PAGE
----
This is where my creative process gets a little strange. Everything up to this point has been fairly straightforward with conceptualizing, sketching, writing and researching. But once we leap onto the computer armed with our materials another element rears it’s head, the unanticipated happy mistake which causes a delightful outcome that you wouldn’t have previously thought of. You’ll see what I mean.
My recent run of artwork deals with loosely rendered silhouettes of men and women with skulls and a few other upper body bones put into place within the outline. This required me to get a few reference shots for the body shape (see photo) and a lot of skull shots for different angles, which brings me to an important point. Never ever ever be ashamed of looking for reference material to help you get the proper form and shape of whatever you are creating. I read a book by famous comic artist Joe Kubert who pushed this point to the very end, and sited the internet as an endless dump of reference material. If you want to draw or paint a motorcycle or polar bear, find a picture of one. Michelangelo or DaVinci never just pulled their great images out of their head, they had teams of people posing and sketching far before their brush hit the canvas. Reference is not a bad word, and don’t believe anyone who says it.
After I have my references, I arrange them in Photoshop as a very loose collage on my canvas. It might look really silly for a while (see image) but this stage is important to nail your composition and to size things correctly so you don’t start painting blind. For mine, I snapped a few shots of my pal Jerko because he had a good head to stick a skull on. When they are arranged on the canvas in a way that appeals to me, I start painting in the shapes using simply black for stuff in the background and white for things in the foreground. This gives me a rough idea of how things are working together spatially and allows me to draw attention to items that are brighter or more important.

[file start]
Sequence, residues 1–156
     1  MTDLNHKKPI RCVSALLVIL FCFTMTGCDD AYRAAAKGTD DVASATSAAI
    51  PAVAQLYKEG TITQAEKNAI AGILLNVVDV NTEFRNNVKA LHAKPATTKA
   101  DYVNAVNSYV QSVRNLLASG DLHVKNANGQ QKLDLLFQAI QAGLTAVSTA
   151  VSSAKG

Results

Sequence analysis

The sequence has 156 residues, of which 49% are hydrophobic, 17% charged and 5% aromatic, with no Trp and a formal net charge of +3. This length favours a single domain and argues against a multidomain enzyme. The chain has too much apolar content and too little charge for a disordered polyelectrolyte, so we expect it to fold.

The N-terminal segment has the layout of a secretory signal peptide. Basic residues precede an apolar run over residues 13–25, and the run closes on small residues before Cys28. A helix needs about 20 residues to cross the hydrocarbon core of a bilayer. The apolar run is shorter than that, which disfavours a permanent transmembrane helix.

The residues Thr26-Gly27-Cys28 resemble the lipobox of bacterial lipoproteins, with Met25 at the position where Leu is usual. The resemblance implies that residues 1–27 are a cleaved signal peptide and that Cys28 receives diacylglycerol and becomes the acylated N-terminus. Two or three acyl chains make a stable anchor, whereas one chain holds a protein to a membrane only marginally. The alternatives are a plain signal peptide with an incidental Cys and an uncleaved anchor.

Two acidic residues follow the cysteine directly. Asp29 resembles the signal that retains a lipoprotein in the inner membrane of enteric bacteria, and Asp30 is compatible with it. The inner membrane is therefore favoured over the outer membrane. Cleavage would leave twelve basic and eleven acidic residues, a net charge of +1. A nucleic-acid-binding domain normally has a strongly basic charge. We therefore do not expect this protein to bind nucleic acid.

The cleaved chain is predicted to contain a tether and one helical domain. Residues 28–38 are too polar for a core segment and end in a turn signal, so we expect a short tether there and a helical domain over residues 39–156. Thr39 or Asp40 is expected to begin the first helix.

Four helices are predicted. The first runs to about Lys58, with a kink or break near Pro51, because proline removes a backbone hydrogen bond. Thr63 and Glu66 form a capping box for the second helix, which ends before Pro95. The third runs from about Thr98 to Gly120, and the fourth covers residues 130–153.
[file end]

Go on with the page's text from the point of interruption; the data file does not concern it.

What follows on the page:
When things are loosely painted in, this is where I start the process in selecting color. I always have a rough idea of what I want to use as a palette but that can quickly change when I see how colors are working together, or not working together. I normally start putting darker colors in the background, lighter in the foreground and work from there. To get a better idea of how color is reacting with the whole piece, I always overlay a texture on top of them to see how lighter or darker they become. The happy mistake is very prevalent at this stage because you can never predict how colors are going to shift when you start adding layers of dirt on top of them.
If you are not good at selecting a color palette as a starting point, check out Colourlovers.com for some killer categorized palettes.
Speaking of texture overlays, this brings me to four of the most important Photoshop tools I use. On the layers palette there is a dropdown menu at the top (see image), and in that menu you will find Multiply, Screen, Overlay, and Soft Light. I use those four things more then any other setting in Photoshop because of how vastly different they can make an image by setting a top layer of texture to any of them. Try different layer effects on everything to see how differently it molds your image, it might give you a few more ideas on how the finished product might look. Also try overlaying grayscale images on top of colored layers to give interest to your highlights and shadows.
This might be a lot to process so I will cut this post here and continue soon with how to finish a piece using similar techniques. The main point of this post is to play with your image, and don’t be restricted by what is in your head.
Also, you can see the full example image I am using in this post right here.